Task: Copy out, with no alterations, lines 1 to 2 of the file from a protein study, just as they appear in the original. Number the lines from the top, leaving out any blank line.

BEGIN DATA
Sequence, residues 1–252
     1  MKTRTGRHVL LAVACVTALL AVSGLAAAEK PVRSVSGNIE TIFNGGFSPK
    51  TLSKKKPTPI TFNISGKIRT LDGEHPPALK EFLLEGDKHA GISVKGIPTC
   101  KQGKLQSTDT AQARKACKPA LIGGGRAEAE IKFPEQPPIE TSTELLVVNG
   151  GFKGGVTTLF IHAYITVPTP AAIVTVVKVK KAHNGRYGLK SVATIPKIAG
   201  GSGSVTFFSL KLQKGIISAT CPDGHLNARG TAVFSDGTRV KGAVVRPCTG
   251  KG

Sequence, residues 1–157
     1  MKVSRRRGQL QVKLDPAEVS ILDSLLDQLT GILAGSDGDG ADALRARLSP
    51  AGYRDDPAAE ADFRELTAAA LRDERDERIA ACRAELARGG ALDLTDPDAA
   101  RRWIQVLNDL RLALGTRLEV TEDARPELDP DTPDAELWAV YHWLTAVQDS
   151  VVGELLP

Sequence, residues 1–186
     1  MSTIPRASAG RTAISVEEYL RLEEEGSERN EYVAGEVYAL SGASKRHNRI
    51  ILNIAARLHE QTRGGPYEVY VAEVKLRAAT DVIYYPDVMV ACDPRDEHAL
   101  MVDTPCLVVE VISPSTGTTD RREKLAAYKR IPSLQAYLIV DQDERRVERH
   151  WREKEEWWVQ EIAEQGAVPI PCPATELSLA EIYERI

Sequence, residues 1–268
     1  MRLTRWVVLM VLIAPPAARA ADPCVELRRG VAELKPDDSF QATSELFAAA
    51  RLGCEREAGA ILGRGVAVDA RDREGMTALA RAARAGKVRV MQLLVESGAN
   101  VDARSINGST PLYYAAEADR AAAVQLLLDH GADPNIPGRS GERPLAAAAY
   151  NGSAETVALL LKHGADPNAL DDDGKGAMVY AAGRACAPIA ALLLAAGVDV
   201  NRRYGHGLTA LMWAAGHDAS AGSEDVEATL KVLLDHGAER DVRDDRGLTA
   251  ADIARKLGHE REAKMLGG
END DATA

Sequence, residues 1–252
     1  MKTRTGRHVL LAVACVTALL AVSGLAAAEK PVRSVSGNIE TIFNGGFSPK